He has fallen off somewhat since then, but only very slightly. Thielen now has 98 catches for 1,166 yards and nine scores on 134 targets. He’s on pace for 131 catches, which would be the fourth-most in NFL history. Thielen’s current 73.1 percent catch rate is no longer inside the top 0.1 percent of seasons of the past 27 seasons, but it’s still pretty damn close.
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And it’s not like he hasn’t been good in the past three games since we wrote that story — he has 20 catches for 219 yards and two scores while playing through injury. Diggs, meanwhile, was heating up until last week’s dud against New England. In the previous three games, he went for at least eight catches, 77 yards, and a touchdown, totaling 31 grabs for 322 yards and three scores.
The Seahawks still play sides with cornerbacks Shaquill Griffin and Tre Flowers, as the team has for years, but both of them are playing extremely well right now. (Griffin has played 95 percent of his snaps at left corner and Flowers has been at right corner for 94 percent of his snaps.) That said, if the Vikings have a preferred guy they want Diggs to work against during the game, they can engineer that matchup if they want, sacrificing Laquon Treadwell or Aldrick Robinson to the other corner while letting Thielen primarily work against Justin Coleman in the slot. Coleman’s having a strong season but that will presumably be the matchup the Vikings go after most — if Cousins has enough time to get off a throw, which is no guarantee against Frank Clark and company up front.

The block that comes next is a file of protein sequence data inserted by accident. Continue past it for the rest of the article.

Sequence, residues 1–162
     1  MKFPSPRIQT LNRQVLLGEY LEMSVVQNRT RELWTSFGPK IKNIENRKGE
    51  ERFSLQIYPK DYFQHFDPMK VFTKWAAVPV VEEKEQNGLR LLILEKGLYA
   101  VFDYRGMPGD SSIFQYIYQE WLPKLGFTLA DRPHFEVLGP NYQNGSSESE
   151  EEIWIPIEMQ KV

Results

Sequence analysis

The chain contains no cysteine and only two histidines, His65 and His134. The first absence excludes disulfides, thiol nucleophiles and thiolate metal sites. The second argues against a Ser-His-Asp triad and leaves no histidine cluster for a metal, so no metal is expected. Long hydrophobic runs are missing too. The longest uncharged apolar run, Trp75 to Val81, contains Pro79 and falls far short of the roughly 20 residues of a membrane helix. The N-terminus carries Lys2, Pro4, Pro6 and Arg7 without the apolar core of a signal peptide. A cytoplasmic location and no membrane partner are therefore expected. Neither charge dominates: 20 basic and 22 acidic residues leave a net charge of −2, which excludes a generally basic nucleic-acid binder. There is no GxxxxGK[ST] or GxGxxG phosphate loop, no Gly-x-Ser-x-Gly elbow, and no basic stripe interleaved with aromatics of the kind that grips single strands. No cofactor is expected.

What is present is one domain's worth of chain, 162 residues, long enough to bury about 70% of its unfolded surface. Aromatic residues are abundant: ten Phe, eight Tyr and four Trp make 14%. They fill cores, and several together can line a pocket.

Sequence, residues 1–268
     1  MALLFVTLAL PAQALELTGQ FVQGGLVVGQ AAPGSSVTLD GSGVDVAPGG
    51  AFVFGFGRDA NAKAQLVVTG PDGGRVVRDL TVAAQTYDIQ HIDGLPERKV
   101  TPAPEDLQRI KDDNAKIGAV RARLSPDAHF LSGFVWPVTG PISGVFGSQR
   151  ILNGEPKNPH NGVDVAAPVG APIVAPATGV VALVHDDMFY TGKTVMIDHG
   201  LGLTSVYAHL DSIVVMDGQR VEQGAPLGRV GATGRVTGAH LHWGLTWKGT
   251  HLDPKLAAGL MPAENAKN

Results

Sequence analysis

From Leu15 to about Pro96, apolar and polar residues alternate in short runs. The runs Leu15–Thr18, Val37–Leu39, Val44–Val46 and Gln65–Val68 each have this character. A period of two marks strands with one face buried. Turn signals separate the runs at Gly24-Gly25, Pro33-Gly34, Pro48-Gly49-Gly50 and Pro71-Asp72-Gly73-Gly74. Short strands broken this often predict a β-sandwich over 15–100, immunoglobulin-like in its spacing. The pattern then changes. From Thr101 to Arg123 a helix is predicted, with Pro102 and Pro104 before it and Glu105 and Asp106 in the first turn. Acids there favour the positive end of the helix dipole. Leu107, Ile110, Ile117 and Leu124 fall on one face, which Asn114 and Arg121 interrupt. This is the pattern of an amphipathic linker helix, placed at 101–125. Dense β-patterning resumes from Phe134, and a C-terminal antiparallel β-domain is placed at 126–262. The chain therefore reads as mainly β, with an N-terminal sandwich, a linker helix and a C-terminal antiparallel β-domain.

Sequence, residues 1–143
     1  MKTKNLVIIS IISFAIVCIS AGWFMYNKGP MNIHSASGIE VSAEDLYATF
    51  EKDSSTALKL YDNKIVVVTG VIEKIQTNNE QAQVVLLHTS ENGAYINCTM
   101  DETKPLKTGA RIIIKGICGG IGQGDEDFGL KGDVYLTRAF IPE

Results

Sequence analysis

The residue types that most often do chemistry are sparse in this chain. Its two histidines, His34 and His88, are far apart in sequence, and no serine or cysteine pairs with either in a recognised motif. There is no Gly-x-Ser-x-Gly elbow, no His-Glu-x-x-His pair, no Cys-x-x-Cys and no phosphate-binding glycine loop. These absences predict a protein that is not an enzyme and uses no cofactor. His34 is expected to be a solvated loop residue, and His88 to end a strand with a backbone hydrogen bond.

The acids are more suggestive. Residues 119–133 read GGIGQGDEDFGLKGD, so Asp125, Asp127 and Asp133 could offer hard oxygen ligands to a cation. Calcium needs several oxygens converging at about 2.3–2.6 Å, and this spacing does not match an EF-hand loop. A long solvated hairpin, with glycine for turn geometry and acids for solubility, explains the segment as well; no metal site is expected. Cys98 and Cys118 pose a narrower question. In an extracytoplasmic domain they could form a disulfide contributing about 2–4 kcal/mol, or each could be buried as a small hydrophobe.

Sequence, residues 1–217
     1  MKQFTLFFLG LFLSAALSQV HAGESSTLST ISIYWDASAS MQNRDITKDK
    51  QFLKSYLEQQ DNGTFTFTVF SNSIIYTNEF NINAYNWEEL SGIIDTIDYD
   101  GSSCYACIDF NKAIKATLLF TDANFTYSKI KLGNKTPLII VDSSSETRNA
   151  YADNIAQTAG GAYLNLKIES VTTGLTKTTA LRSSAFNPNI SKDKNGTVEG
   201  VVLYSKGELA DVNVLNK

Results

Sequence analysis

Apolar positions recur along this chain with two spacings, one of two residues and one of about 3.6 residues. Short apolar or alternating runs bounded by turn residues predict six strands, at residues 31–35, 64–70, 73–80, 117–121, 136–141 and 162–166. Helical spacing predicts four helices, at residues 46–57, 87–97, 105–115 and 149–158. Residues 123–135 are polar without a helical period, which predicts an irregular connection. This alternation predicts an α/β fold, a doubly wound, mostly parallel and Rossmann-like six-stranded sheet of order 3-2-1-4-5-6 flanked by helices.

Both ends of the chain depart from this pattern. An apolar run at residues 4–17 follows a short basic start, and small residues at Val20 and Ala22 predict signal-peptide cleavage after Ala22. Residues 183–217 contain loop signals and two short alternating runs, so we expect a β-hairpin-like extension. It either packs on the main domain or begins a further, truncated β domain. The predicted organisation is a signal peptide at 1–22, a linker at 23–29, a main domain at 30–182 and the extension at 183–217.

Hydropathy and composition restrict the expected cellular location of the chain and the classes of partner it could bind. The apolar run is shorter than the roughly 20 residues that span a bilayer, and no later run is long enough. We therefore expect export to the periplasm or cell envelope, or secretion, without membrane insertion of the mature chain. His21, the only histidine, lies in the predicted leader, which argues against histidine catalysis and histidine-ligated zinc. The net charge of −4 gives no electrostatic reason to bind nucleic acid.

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Being able to keep the Seattle front off balance would be nice, but the Vikes have struggled to get their run game going with any consistency this season. The injuries to Cook have played a role there, but he and Latavius Murray are each averaging just 4.2 yards per carry anyway. Seattle has proven tough to run against in power situations and backs have a low success rate against them in general, so even early-down runs could be unwise as that’d set Cousins up behind the sticks, making it more likely the Seahawks can pin their ears back and get some pressure.